Hell and Back

I would be lying if I said that I knew much about Lassen Volcanic National Park before we arrived there on a sunny afternoon in June. I’d never even heard of it before researching for points of interest between Portland and Redwood, so I didn’t have many preconceived expectations about the park. I had picked out one hike that I wanted to do, but a quick glance at Lassen’s website the night before revealed that the Bumpass Hell Trail was closed because of snow. I frantically searched the park website for anything similar to do, but nothing I found looked quite as cool as Bumpass Hell, so I turned to AllTrails to try to glean more information. There I found that hikers were saying the trail was indeed closed, but that Bumpass Hell could still be accessed via a more strenuous route that started at a spot called Cold Boiling Lake.

“More strenuous” here meant about 1,000 feet of elevation gain over 2.5 miles; a total of 5 miles round-trip, so we felt confident that we’d make it to Bumpass with no problems. We did however, pack an excess of water because the day had already become scorchingly hot and sunny by the time we arrived at the Manzanita Lake entrance of Lassen Volcanic.

The ranger at the entrance station provided us with a map and brochure, and I navigated as Vince drove us to the King’s Creek picnic area. I made note of several points of interest along the way just in case we had time to go back and check out anything after our hike. I also read about how Lassen is home to four different types of volcanoes-plug dome, composite, shield, and cinder cone. Lassen Peak, a large plug dome volcano, last erupted in the early 20th century, and forming many of the geological features of the park.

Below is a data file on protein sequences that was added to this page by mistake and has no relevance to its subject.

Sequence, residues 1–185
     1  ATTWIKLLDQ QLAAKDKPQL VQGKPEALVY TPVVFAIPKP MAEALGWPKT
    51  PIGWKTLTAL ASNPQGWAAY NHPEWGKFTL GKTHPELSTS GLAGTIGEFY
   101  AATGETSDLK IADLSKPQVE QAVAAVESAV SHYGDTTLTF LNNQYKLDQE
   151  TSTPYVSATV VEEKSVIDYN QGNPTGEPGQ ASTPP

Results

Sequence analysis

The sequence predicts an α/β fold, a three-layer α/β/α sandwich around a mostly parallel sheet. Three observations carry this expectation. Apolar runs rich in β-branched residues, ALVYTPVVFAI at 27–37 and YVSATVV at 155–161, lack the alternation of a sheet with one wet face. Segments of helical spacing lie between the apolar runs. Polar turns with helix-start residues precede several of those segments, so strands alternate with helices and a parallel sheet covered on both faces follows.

King’s Creek was busy when we arrived, but we found a parking spot where we ate some quick snacks, drank a lot of water, and slathered on some sunscreen before hitting the trail. Cold Boiling Lake was only a short walk from the parking lot, and I was glad that it wasn’t our final destination. We could see little areas where bubbles floated to the lake’s surface, but the area is dying so it was somewhat underwhelming in terms of hydrothermal action.